Nürnbergi kohtualuste autograafid Eesti sõjamuuseumi – kindral Laidoneri muuseumi kogudes [Autographs of Nuremberg Defendants in the Collections of the Estonian War Museum – General Laidoner Museum]

Mart Lätte


In the early summer of 2007, a collection of the autographs of various defendants at the Subsequent Nuremberg Trials arrived in Estonia, from Canada, having been donated to the collections of the Estonian War Museum. This autograph collection had belonged to the exile Estonian photographer Evald “Tommy” Tomson (1924–2006). After World War II, Tomson served in Estonian Guard Company 4221, which had been formed by the United States occupation authorities in Germany.

This security unit guarded the accused war criminals during the Subsequent Nuremberg Trials. And the autograph collection dates back to this period. After the end of World War II, there were many Estonians, who had fought on the German side, being held in Allied prisoner-of-war camps. They were released during the years 1945–1948 (in the American occupation zone, the last Estonians were released already in 1946). Many of these men found employment in paramilitary guard and labour units, which functioned under the jurisdiction of the U.S. occupation forces in Germany. All together, the Americans recruited four Estonian guard and five labour companies. Guard Company 4221 was established at the end of December 1946. And began to fulfi l its duties in Nuremberg, at the end of February, or the beginning of March 1947. After the Second World War, two international war tribunals were held – one in Nuremberg (International Military Tribunal [IMT] at Nuremberg), the other in Tokyo (IMT for the Far East) – to try the major war criminals. At the Nuremberg IMT, the defendants were indicted under the following four points:

1) conspiracy (the group planning of criminal activity);
2) crimes against peace;
3) war crimes, or the violating of the international laws and conventions
of war;
4) crimes against humanity.

The defendants at the Tokyo IMT were indicted under points 2 and 3. In addition to this, a great many follow-up trials were held in both Europe and Asia, at which, lesser war criminals, who had, nevertheless, been more personally involved with the crimes, were tried. These subsequent trials were held, in addition to the war tribunals of the four main Allied nations and Germany, also by Holland, Norway, Canada, Greece, China, etc. The Subsequent Nuremberg Trials were conducted by U.S. military tribunals. Th e legal basis for the Subsequent Nuremberg Trials was Law No.10 of the Allied Control Council, according to which, indictments were presented on the basis of the aforementioned points, that had been implemented at the Nuremberg IMT. Plus, there was an additional point concerning membership in the criminal organizations known as the SS (Schutzstaff el), the SD (Sicherheitsdienst), and the Gestapo (Geheime Staatspolizei), as well as in the leadership of the German National Socialist Workers’ Party (Korps der politischen Leiter der NSDAP). The Subsequent Nuremberg Trials lasted from October 1946, until

May 1949. All together, 12 trials were held:

• The Medical Case

• The Milch Case

• The Justice Case

• The Pohl (or WVHA [Wirtschafts- und Verwaltungshauptamt der

SS] Case

• The Flick Case

• The Farben Case

• The Southeast/Hostage Case

• The RuSHA (Rasse- und Stedlungshauptamt der SS) Case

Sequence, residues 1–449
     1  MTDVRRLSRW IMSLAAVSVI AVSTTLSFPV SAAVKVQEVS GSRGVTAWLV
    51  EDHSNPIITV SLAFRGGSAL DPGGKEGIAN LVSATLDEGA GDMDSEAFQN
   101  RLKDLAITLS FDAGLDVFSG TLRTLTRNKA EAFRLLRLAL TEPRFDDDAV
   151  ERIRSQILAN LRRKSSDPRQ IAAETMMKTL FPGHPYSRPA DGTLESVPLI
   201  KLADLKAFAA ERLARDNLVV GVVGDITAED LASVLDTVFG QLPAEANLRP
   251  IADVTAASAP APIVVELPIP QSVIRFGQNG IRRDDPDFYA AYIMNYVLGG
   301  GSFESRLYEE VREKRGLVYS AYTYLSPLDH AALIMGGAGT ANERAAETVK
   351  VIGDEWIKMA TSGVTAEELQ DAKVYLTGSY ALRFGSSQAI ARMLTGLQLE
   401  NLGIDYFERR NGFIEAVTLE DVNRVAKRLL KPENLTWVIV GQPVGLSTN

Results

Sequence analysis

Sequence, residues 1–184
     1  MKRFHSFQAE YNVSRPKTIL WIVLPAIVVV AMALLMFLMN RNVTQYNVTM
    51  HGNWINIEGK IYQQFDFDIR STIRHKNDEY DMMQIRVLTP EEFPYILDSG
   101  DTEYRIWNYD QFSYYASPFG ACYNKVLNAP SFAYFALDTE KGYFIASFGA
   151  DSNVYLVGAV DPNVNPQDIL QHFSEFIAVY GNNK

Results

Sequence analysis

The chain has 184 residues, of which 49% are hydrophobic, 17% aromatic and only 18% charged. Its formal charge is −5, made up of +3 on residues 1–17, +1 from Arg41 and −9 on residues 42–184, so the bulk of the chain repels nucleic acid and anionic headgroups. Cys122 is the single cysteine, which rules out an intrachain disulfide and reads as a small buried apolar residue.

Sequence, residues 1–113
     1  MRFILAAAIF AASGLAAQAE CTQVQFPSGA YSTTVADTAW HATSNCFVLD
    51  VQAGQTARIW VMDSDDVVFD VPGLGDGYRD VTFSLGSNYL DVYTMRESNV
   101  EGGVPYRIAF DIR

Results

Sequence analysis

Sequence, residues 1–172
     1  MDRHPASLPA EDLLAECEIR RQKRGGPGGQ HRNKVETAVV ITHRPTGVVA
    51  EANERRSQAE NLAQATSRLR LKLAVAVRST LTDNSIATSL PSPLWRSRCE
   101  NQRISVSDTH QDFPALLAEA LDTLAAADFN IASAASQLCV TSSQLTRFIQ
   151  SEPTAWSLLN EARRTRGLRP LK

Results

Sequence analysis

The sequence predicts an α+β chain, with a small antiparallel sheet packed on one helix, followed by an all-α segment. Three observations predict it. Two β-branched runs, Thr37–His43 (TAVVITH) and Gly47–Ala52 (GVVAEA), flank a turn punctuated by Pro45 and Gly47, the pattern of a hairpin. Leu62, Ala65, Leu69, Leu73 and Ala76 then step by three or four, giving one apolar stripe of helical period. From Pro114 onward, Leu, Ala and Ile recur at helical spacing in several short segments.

• The Einsatzgruppen Case

• The Krupp Case

• The Ministries Case

• The High Command (OKW – Oberkommando der Whrmacht)



Within the framework of these trials, various sentences, some as severe as the death sentence, were handed down, although several of the accused were acquitted.

The autographs of the indicted arrived at the Museum in a cardboard box. In addition to the autographs, the box also contained photos, caricatures, and copies of autographs. The autographs were on 56 sheets and altogether the collection consisted of the autographs of about 160 individuals (the exact number of individuals involved cannot be determined, since, in some cases, the handwriting is illegible, and it is not possible to determine if it is an autograph, or part of a longer text). Someone, probably the collector, has pencilled notes onto the sheets bearing the autographs.

Some of the autographs also include a dedication, an aphorism, or a wish. But there are also many autographs unaccompanied by any text at all, or just with the signer’s name, former position, and the date. The texts that accompany the autographs tend to be quite similar: Estonians are sent best wishes; the Estonian (Baltic) guards are thanked for the good treatment and sympathy that the prisoners have received; hope and conviction are expressed that Europe, including Estonia and Germany, will one day be free again; etc. All the texts are quite brief. Some of the autograph texts are sentimental, and there are even poems. Many of the writers mention or thank Estonians and the Balts. This may be due to the fact that the guards, most of whom, had served in the German military forces during the war, could communicate with the prisoners, and thus, got along with them, and treated them civilly.

But not all of the autographs are those of the accused at the Subsequent Nuremberg Trials. Some are those of witnesses who testified at a trial. And, in some cases, it cannot be determined who the signer is. In the case of some individuals, for instance, the artillery general Curt Gallenkamp, who was found guilty by a British military tribunal, it is not known why they were in Nuremberg at that time. But, it can, nevertheless, be assumed that, even though these individuals do not appear in the lists of the witnesses of the Subsequent Nuremberg Trials, they were, somehow, connected with the Nuremberg process.


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ISSN 2228-0669 (trükis / print)